TreeHouse, a sustainable home improvement store, is collaborating with Tesla to sell Powerwall. “For the first time, running your home on a battery will be affordable and easy,” says TreeHouse co-founder and president Jason Ballard. “I think in the near future, having a battery in your home will be as normal as having a water heater or a dishwasher.” Ballard added, “This just takes us one step closer to being able to power homes completely without the use of fossil fuels.”

Fronius
Fronius and Tesla have partnered on a global level to offer Powerwall in combination with the Fronius Symo Hybrid inverter as a seamless solution for residential PV systems. For new PV installations, homeowners can use the Fronius inverter to operate both the PV and Powerwall, which reduces the overall system cost. For homeowners that already have solar PV, the Fronius inverter can be added to the system (AC coupled) or replace the existing inverter (DC coupled), and the Fronius solution will function with any type of solar energy system. This makes the Fronius plus Tesla solution a highly flexible solution across the globe.

Fronius is a leading inverter manufacturer in the global market, with nearly 1 million inverters installed worldwide. Fronius is known for both innovation and high quality, with 1,008 active patents and 23 years of solar experience. Its products are exported through 22 international Fronius subsidiaries and sales partners/representatives in over 60 countries. The company is a multi-industry leader in the fields of energy storage, battery charging, and welding technology. Fronius and Tesla are pleased to expand a current successful relationship into the realm of energy storage.

SolarEdge
SolarEdge, a leader in the global PV inverter market, and Tesla partnered for the joint development of a PV storage and backup power solution for the worldwide residential solar market. Building on SolarEdge’s proven DC optimized inverter proven and Tesla’s leading automotive-grade battery technology, the solution will require only a single SolarEdge inverter to manage both PV and storage functions. The system is designed for efficient, outdoor installation and includes remote monitoring and troubleshooting to keep operations and maintenance costs low.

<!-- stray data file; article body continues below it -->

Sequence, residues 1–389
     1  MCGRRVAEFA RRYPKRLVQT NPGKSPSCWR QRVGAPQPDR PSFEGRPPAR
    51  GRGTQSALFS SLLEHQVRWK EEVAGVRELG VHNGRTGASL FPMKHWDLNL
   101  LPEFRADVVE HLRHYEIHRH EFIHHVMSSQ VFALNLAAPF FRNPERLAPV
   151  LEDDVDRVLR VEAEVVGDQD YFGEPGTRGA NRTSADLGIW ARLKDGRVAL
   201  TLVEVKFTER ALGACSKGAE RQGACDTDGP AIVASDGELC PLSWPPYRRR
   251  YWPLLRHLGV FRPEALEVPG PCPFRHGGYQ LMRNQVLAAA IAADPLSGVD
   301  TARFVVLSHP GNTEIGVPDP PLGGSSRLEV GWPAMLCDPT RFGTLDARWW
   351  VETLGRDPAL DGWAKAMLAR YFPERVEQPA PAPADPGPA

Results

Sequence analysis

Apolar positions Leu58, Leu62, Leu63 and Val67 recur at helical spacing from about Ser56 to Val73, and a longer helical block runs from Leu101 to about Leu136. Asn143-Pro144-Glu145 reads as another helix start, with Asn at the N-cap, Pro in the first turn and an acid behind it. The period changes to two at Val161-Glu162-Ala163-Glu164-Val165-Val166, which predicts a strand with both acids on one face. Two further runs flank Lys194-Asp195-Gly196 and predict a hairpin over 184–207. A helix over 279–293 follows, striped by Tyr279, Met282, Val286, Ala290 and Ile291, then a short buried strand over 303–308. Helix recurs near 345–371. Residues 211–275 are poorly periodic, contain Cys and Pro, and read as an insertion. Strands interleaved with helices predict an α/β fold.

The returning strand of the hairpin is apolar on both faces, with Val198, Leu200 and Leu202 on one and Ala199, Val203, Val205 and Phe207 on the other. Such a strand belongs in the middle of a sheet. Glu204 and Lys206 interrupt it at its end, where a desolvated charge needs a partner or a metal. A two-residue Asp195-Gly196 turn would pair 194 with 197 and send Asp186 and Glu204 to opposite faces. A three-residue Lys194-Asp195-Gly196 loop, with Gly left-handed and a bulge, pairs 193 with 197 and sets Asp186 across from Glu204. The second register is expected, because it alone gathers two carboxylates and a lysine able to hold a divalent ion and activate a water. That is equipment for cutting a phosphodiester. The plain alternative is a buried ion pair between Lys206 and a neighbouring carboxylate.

Founded in 2006, SolarEdge provides an intelligent inverter solution that has changed the way power is harvested and managed in solar photovoltaic systems. The SolarEdge DC optimized inverter system maximizes power generation at the individual PV module-level while lowering the cost of energy produced by the solar PV system. Since beginning commercial shipments in 2010, SolarEdge has shipped more than 1.3 Gigawatt (‘‘GW’’) of its DC optimized inverter systems, including over 220,000 inverters, its products have been installed in PV systems in more than 73 countries, and more than 100,000 systems are monitored in its cloud-based monitoring portal.

Green Mountain Power
At Green Mountain Power we are thrilled to bring Tesla’s innovative home battery storage to Vermont as part of a radical transformation of how energy is generated and used to empower customers to save money and increase reliability and resiliency. As Vermont’s energy company of the future, we are turning the old utility model on its head, and offering products and services to help Vermonters use less energy and one day rely on the grid as a backup system. GMP is focused on a future that moves away from dirty inefficient sources of energy to a clean, sustainable and cost effective energy future. Powerwall will speed up the pace of change and keep Vermont on the cutting edge of innovation.”

Tesla Energy for Businesses

Based on the powertrain architecture and components of Tesla electric vehicles, Tesla energy storage systems deliver broad application compatibility and streamlined installation by integrating batteries, power electronics, thermal management and controls into a turn key system.